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Pinching pills: Potential repeal of Obamacare puts brother of Cuesta student at risk


Blake McKellar, who struggles with a serious form of mental illness, is at risk of losing his health insurance and medication if Obamacare is discontinued.
Photo courtesy of Savanah Hatcher / Cuesta student

Also from the Cuestonian: Students weigh in on the potential death of Obamacare

By Lindsay Darbyshire
Features Editor

Savanah Hatcher is afraid to let her brother know where she lives.

Hatcher, who has been attending Cuesta since 2014, said that her brother suffers from schizophrenia and substance abuse problems.

Due to his mental illness, Blake McKellar has the tendency to act out and get into trouble. Because of his often warped sense of reality, there is very little chance that the 32 year-old will be able to live on his own.

“[He] talks about aliens and being in the military and being a secret agent,” Hatcher said. “He does things and then he’s unaware of it until he snaps out of it.”

“And he talks about how he hears voices,” said Hatcher, who describes how McKellar said he had learned other languages in jail through what he says to be his telepathic ability.

But when he’s on his medication, he appears to be better — even leaving his sister coherent and collected messages on her voicemail.

However, McKellar is one of an estimated 18 million people nationwide who will be left uninsured during the first year after the discontinuation of Obamacare, with another 32 million by 2026, according to a study highlighted by CNN. Of those, around 30 percent have mental health issues, according to USA Today.

McKellar is currently covered by Obamacare, which runs the risk of being repealed, as promised by President Trump. If Obamacare were to be discontinued, McKellar would have no way of paying for his medication, a vital part of his safety and recovery.

McKellar is just one in the 43.8 million, or 18.5 percent of people in America who struggle with a mental illness in a given year, according to the National Alliance on Mental Illness. In addition, half of those who experience a substance abuse disorder also have a co-occurring mental illness.

“Mental illness affects one in five Americans,” said the National Alliance on Mental Illness in a press release. “Stripping Medicaid funding would result in millions of Americans losing access to mental health and substance use services.  Stepping back from insurance protections in the ACA would also be very harmful to people with mental illness.”

“[When McKellar is unmedicated] he starts acting inappropriately, he sneaks off to the creek in San Luis to do drugs,” said Hatcher, who studies communications. “He just starts acting really weird around people. My brother is a wonderful person… he’s a very genuinely kind person, but when he’s not on his meds, he gets desperate. It just literally drives him crazy.”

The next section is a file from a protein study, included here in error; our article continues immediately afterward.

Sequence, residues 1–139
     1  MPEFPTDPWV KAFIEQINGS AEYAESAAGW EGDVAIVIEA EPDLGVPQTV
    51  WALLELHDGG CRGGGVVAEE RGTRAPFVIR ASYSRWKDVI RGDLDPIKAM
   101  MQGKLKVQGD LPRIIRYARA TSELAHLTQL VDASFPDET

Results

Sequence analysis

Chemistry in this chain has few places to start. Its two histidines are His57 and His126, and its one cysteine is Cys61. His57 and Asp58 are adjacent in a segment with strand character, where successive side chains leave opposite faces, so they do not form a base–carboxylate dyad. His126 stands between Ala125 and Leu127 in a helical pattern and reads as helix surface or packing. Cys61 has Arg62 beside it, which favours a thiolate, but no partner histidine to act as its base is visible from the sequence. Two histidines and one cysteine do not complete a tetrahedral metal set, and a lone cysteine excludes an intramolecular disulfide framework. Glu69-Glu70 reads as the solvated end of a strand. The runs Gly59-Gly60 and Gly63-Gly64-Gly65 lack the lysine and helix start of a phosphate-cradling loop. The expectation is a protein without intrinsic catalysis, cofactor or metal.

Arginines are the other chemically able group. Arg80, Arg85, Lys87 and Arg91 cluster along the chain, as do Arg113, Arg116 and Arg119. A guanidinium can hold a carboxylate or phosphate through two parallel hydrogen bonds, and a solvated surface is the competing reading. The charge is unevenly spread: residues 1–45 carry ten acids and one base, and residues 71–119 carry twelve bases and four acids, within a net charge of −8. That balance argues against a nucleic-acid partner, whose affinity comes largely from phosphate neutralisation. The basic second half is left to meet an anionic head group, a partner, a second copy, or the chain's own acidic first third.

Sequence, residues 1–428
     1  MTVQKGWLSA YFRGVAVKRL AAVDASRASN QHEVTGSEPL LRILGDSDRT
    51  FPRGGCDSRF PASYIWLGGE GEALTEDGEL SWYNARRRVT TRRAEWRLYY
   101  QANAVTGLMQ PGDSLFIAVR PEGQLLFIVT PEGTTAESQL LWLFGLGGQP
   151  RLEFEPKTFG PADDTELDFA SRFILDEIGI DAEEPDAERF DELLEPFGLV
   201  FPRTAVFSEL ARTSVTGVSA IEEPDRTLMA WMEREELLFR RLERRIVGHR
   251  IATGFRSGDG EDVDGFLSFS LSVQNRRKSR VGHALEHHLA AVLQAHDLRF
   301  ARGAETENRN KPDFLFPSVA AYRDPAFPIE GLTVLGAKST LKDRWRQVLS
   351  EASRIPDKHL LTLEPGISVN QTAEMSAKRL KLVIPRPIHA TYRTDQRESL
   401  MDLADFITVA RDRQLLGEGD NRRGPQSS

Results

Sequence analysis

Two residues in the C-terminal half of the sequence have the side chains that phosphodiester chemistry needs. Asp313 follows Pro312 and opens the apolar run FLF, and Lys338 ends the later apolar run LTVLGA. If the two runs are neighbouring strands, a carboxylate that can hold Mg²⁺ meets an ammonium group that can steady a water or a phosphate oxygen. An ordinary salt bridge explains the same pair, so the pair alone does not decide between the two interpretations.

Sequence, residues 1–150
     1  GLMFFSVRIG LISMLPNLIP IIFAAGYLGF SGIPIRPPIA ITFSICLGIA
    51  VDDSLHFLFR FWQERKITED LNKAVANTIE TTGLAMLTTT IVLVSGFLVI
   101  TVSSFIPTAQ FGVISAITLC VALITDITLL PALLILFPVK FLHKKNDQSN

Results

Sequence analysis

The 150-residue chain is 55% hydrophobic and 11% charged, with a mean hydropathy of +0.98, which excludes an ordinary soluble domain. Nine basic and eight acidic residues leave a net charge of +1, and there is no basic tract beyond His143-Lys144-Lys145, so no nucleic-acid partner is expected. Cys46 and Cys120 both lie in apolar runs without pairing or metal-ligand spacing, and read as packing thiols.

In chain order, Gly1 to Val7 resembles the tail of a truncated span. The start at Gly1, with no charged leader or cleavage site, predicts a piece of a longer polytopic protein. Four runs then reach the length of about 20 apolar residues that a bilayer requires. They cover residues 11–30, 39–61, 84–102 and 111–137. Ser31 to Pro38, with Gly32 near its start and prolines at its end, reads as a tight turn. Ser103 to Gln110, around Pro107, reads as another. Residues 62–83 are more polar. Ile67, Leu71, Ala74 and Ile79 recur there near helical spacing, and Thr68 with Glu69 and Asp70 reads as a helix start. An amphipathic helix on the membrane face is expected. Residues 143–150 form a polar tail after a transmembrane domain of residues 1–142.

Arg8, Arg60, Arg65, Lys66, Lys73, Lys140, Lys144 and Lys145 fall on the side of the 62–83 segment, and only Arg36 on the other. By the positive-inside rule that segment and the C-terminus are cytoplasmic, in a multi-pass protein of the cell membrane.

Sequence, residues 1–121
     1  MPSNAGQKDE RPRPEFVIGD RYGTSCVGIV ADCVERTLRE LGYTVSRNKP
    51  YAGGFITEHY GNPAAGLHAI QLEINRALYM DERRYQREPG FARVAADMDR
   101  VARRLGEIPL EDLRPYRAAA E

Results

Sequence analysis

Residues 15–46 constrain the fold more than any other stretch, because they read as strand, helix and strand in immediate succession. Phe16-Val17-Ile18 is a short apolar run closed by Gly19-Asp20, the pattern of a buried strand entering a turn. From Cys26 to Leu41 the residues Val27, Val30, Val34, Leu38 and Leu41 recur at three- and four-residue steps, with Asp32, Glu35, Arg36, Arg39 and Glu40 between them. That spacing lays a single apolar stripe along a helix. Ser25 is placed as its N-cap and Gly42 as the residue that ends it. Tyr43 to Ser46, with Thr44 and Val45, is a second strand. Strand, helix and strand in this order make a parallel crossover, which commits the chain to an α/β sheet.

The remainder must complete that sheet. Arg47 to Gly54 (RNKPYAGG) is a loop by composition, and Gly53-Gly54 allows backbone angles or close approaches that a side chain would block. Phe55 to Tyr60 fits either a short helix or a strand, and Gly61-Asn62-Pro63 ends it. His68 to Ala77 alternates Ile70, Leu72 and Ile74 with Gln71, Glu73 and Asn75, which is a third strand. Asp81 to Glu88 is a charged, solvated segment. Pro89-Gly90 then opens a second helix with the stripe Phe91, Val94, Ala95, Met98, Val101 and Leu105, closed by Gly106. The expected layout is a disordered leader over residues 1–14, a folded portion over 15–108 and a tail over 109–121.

McKellar started displaying symptoms of schizophrenia back in 1997, but wasn’t officially diagnosed until 13 years later in 2010, according to Hatcher.

McKellar lives in a rehabilitation center in San Luis Obispo. Due to court order, he also must wear an ankle monitor to ensure he is where he is supposed to be. Because of the ankle monitor, McKellar can’t go into the the ocean, one of his favorite places, according to Hatcher. When he gets the monitor off, this is the first place McKellar will go enjoy.

“His first goal is to go straight into the ocean,” Hatcher said. “That’s where my brother thrives. That’s where my brother belongs.”

McKellar also hopes to take some Cuesta classes in the future, Hatcher said. He is interested in marine biology and hopes to study about the ocean and the life inside it.

“I told him if he wanted to take it, I love it, too, so I would be more than willing to help him or go to the labs with him. He’s in it to learn. He used to love to learn and love school,” said Hatcher, who said McKellar also wants to be a good uncle to her nine month- old daughter.

Hatcher does her best to speak out about mental health and encourages others to do the same. She hopes that people who are struggling will utilize the resources they have to help themselves and get well.

“I think the more we get out there, the more we start talking about it… we’re doing [more] to help it [and] the less likely we are to see all these tragic events,” said Hatcher. “I’m hoping that people who have Obamacare can stay on Obamacare and utilize that insurance to give themselves help. And without it, I don’t know what’s going to happen.”